Cumbria

Greenodd slow worm colony moved to new home from roundabout

Slow worm
Image caption Slow worms can grow up to 40cm (16in) long, and live up to 20 years

A colony of slow worms has been moved to a new home after they were discovered on the site for a new roundabout in Cumbria.

About 40 of the reptiles were found by the Highways Agency at the junction between the A590 and A5092 at Greenodd, which is currently being altered.

They were safety relocated to a nearby wooded area, the agency added.

The reptiles, which look likes snakes but are actually legless lizards, are a protected species in the UK.

Two Palmate newts, 38 slow worms and one common lizard in total were re-homed.

Project manager Samantha Whittaker, said: "Slow worms are commonly found in heathland and on the edge of woods, so it wasn't a surprise to find them in the Cumbrian countryside at Greenodd.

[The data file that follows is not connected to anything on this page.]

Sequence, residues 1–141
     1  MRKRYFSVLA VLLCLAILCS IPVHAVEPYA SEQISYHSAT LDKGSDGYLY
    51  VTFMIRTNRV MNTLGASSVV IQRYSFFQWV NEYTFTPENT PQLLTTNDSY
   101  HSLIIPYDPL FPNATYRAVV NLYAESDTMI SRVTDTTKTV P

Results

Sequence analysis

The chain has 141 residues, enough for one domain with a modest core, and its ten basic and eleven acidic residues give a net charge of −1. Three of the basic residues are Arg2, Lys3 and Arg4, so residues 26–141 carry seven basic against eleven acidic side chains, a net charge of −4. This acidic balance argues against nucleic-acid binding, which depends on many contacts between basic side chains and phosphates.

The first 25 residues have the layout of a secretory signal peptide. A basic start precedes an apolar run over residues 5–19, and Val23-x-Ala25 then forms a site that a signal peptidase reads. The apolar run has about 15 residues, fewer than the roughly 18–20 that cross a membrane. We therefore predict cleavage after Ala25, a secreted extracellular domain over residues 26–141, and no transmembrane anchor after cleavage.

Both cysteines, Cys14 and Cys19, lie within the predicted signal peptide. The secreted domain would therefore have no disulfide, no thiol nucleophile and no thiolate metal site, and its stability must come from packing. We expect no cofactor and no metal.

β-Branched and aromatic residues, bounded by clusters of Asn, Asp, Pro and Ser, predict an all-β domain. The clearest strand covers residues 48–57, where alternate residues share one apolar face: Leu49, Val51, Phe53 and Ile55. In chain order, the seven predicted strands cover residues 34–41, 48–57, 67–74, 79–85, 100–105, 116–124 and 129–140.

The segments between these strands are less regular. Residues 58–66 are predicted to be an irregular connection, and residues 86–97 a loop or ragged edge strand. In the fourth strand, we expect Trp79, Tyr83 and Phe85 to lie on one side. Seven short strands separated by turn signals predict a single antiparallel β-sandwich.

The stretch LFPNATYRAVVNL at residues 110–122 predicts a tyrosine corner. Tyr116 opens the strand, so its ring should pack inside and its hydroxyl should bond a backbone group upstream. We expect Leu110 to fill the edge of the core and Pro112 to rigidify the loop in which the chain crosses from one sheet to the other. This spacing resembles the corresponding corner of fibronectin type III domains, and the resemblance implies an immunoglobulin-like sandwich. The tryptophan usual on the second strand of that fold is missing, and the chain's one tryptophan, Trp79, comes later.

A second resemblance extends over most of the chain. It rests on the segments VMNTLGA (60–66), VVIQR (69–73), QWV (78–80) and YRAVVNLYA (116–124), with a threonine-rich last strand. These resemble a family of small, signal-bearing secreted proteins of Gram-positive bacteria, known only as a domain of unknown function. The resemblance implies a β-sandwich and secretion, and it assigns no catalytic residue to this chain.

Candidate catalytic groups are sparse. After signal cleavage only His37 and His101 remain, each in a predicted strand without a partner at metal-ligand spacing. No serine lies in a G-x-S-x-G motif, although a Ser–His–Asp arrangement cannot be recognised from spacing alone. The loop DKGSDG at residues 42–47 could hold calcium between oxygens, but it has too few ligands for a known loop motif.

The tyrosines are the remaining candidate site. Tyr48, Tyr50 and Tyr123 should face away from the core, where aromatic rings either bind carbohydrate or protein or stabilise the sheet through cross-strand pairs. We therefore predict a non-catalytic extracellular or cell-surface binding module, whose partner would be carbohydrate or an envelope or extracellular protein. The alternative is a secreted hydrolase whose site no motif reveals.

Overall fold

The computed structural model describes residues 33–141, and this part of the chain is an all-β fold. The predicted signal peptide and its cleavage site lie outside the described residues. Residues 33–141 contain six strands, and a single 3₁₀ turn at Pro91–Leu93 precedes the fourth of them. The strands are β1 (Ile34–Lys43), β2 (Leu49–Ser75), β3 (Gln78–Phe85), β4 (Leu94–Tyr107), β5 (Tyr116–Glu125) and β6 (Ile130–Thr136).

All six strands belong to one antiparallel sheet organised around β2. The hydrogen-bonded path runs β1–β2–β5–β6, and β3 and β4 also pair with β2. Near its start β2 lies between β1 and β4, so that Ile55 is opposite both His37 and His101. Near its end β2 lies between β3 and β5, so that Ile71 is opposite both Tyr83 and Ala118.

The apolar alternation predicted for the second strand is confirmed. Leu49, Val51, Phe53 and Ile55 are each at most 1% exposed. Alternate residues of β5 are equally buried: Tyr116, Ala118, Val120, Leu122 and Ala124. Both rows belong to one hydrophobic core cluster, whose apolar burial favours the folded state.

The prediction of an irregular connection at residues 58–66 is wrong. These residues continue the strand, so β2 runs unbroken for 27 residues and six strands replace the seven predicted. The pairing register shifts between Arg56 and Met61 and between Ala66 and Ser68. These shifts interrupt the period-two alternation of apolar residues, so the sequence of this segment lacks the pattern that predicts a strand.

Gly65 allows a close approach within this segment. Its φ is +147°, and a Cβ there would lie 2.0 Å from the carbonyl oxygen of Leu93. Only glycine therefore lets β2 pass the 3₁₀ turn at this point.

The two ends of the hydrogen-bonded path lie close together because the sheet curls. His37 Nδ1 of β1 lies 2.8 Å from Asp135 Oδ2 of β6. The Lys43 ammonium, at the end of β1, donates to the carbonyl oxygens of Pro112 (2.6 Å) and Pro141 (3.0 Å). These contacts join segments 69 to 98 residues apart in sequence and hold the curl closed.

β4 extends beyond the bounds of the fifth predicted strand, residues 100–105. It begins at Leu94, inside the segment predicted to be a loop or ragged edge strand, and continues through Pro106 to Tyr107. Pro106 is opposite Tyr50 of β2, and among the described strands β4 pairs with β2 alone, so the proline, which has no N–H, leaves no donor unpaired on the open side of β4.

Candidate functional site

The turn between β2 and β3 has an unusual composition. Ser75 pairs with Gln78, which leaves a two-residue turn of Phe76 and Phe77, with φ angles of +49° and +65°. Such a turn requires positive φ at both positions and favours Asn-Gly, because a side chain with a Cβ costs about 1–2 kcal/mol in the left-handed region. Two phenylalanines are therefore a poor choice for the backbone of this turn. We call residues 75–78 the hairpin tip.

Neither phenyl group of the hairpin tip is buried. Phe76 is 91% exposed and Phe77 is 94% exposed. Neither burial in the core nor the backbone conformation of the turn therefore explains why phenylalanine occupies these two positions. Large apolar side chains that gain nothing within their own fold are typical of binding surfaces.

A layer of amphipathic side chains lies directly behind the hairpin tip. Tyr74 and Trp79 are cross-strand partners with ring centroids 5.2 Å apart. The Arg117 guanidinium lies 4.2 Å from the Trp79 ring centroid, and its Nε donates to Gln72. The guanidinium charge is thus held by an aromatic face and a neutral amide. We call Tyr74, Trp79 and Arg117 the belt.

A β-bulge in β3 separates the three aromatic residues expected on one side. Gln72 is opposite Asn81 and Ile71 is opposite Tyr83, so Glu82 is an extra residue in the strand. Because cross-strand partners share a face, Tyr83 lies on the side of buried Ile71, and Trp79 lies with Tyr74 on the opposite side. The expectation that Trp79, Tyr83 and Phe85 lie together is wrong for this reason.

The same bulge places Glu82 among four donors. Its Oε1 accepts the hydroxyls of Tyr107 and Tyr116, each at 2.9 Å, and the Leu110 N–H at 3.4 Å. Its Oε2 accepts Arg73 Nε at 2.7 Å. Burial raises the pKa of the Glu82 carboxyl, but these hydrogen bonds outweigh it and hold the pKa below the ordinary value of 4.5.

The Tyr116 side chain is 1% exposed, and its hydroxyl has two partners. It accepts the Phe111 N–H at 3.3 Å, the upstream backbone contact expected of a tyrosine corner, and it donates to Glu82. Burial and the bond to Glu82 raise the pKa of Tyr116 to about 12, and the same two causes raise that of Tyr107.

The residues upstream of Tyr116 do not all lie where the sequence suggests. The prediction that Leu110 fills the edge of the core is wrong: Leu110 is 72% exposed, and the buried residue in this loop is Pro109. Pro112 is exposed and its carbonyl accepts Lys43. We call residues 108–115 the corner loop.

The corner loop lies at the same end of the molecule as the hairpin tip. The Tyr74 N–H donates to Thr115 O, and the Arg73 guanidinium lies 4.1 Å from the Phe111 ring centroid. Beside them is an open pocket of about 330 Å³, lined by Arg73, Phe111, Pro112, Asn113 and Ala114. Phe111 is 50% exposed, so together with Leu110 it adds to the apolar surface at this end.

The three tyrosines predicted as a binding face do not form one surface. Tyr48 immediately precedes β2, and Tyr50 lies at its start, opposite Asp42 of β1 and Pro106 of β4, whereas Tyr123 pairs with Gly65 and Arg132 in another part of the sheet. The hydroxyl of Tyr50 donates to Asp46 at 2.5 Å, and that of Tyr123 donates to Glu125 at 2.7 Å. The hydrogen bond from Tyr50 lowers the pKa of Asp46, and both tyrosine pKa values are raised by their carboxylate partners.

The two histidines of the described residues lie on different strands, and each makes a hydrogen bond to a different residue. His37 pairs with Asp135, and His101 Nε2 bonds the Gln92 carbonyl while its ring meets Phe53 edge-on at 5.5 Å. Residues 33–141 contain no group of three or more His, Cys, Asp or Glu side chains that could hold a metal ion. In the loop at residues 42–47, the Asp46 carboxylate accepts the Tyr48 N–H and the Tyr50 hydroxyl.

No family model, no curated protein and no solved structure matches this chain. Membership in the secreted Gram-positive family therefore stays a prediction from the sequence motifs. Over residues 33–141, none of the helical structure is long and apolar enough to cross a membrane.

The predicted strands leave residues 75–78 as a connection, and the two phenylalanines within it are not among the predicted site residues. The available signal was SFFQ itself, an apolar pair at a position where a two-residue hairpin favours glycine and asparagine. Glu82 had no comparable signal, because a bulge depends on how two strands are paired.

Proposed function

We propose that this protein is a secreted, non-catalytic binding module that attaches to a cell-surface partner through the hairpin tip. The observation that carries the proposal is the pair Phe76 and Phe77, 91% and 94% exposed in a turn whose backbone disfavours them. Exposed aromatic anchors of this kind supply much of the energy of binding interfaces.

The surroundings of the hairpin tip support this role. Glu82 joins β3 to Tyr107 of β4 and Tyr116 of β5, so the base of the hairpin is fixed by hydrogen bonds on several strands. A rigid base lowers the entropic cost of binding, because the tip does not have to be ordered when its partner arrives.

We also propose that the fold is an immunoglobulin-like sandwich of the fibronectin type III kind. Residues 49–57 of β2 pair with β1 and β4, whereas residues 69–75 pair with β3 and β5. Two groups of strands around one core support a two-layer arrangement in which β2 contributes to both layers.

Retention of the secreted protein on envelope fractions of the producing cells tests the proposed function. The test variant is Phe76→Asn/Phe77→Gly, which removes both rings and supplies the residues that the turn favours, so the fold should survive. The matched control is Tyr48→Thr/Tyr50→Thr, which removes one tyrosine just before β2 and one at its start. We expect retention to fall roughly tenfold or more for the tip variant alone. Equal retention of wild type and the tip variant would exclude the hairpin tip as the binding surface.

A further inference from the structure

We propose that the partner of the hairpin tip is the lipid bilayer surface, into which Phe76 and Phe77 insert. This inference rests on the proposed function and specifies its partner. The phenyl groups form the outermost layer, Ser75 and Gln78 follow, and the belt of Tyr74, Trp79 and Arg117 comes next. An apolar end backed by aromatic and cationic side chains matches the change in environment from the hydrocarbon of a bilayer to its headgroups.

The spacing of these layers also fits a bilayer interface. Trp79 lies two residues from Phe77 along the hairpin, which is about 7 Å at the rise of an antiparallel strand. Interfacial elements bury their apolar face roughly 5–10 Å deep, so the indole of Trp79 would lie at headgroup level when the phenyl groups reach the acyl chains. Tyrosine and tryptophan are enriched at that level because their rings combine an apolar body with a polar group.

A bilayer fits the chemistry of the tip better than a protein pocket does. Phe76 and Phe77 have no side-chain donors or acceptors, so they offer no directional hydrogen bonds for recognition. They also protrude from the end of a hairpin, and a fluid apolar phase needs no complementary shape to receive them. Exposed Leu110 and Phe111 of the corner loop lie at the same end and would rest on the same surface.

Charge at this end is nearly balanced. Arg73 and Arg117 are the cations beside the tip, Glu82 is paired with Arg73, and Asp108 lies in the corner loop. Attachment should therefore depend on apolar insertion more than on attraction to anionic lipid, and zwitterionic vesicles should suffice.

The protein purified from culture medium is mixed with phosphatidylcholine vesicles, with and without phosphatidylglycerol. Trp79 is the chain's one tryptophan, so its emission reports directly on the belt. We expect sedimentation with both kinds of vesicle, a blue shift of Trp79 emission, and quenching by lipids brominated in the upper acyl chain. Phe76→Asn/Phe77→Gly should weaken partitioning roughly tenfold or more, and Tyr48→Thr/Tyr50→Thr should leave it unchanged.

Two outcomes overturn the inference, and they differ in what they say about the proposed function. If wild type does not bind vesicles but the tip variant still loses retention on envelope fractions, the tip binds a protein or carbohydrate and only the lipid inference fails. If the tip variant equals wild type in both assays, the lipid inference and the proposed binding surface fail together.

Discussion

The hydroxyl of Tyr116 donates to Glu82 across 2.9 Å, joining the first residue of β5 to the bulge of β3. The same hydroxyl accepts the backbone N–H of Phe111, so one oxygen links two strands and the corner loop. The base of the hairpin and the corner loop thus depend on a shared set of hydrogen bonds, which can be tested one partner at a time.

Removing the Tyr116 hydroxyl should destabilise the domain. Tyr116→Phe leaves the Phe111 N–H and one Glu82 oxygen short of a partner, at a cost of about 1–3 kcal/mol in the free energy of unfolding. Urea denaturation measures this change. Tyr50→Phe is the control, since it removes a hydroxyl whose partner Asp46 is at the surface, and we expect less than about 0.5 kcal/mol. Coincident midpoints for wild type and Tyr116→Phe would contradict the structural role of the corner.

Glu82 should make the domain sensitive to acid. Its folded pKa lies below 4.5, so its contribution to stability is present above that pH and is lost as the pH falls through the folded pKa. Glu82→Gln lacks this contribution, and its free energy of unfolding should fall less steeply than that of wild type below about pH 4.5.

"We allowed time in the schedule to catch them and move them to safety in a hibernaculum nearby, which means we're still able to start work on building the roundabout later this year."

The Highways Agency was given the go-ahead to build the new roundabout at Greenodd to improve safety at the junction.

The £1.5 million project is due to be completed by February 2014.

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